When you know you can get pressure reliably, you can be aggressive with your coverages. Missouri has done this against both Auburn and Georgia, playing a 1 safety high coverage and trusting its corners to win 1-on-1 matchups that won’t last as long because it will inevitably get pressure.

Another reason Missouri has done this? It doesn’t believe — or at least didn’t believe against Auburn and Georgia — that the opponent had anyone who could beat it vertically and take the top off the defense. Fearing no vertical threat, the Tigers could gang up on the run by playing closer to the line, or make Bennett make precision throws all night in 1-on-1 coverage under pressure.


Florida is 2 recruiting classes from having vertical playmakers, meaning the Gators won’t scare Missouri over the top, either. That guarantees Anthony Richardson will see a heavy dose of 1 high man. Can Richardson be patient and make precise throws? That’s not really his strong suit. Missouri may feel a bit reticent to be quite as aggressive with starting corner Kris Abrams-Draine listed as doubtful with an injury, but Miami transfer Marcus Clarke played well against the Bulldogs and should be an adequate replacement on Saturday afternoon.

Napier has raved about Richardson’s growth since the Kentucky game, and save 1 horrible decision in both the Tennessee and Eastern Washington games, he has looked like an improved quarterback. But Saturday will be a huge test against an aggressive defense.

Florida’s talented OL vs. Missouri’s excellent DL

We tipped this off in section 2, but the matchup between Florida’s offensive line, which is grading out as a unit as the best in the SEC this season per Pro Football Focus, and Missouri’s defensive line, which has the Tigers ranked 34th in sack percentage and 27th in pressures, as well as 40th in SP+ defensive efficiency and 33rd in succcess rate against in the run game, will be a dandy.

Missouri’s overall numbers above really don’t do their defensive quality justice. The Tigers have really come together as a defensive unit over the past 2 games, as they held Auburn to just 217 yards and a really good 3.3 yards per play and limited then-No. 1 Georgia to just 6.1 yards per snap, well under the Dawgs’ 2-season average of 7.2.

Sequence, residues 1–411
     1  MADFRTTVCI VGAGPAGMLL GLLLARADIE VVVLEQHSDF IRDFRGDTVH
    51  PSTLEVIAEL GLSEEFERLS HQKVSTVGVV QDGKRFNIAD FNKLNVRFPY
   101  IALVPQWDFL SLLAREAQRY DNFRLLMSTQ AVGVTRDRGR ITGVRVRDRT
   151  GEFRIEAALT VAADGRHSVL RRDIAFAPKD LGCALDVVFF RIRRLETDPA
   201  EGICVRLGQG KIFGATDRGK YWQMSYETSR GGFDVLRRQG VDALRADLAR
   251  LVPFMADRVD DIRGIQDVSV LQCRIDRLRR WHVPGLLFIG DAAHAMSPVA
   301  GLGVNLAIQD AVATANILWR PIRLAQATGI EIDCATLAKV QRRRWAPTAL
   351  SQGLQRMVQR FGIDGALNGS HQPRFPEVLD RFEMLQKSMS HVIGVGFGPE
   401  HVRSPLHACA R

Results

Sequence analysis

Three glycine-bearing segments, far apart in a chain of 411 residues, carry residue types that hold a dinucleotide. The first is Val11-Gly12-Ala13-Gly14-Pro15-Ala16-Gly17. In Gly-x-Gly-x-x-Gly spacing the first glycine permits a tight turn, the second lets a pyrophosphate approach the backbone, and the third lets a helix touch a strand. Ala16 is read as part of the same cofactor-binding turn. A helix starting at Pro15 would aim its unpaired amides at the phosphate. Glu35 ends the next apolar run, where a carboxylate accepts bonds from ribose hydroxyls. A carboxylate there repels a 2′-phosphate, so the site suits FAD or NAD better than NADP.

Missouri’s defensive strength is its line, and Florida’s team strength is its offensive line.

O’Cyrus Torrence grades out as the top offensive guard in the country, per PFF, and is the nation’s best run blocker. But the Gators’ offensive line isn’t just a 1-man star show. All 5 of Florida’s starters rank in the top 150 offensive linemen in the country, and freshman offensive tackle Austin Barber joins Torrence in the top 50 among all linemen at any position. The Gators have a great running back room — one of the nation’s best — and those talents, like Montrell Johnson Jr. below, get to run through holes the size of double doors frequently.

It’s a scary combo and will present the biggest challenge Missouri’s excellent front has faced this year, at least hat on hat with an opposing offensive line.

Prediction: Missouri 23, Florida 21

The Gators and Tigers played a spectacularly close game in CoMo last season, with Florida’s maligned staff making its last stand under Dan Mullen but falling in double overtime.

Drinkwitz isn’t necessarily on the hot seat: The Tigers are basically a false start penalty on the goal line against Georgia and a field goal away from being 2-0 in the SEC. But Drinkwitz does need to start winning, and backing up the good work he has done putting that roster together with more talent than it has had since the SEC East winners last decade.

Florida will hang tight with the run game and what is expected to be a huge Homecoming crowd (the game is nearly sold out, which would mark Florida’s 4th sellout this year, ranking 1st in the SEC).

But the matchup isn’t a great one for the Gators, and it’s hard to see Richardson avoiding mistakes against an aggressive defense that will pressure him and force him to make precise throws. Expect a turnover or 2 to be the difference in another Missouri win over the Gators in The Swamp.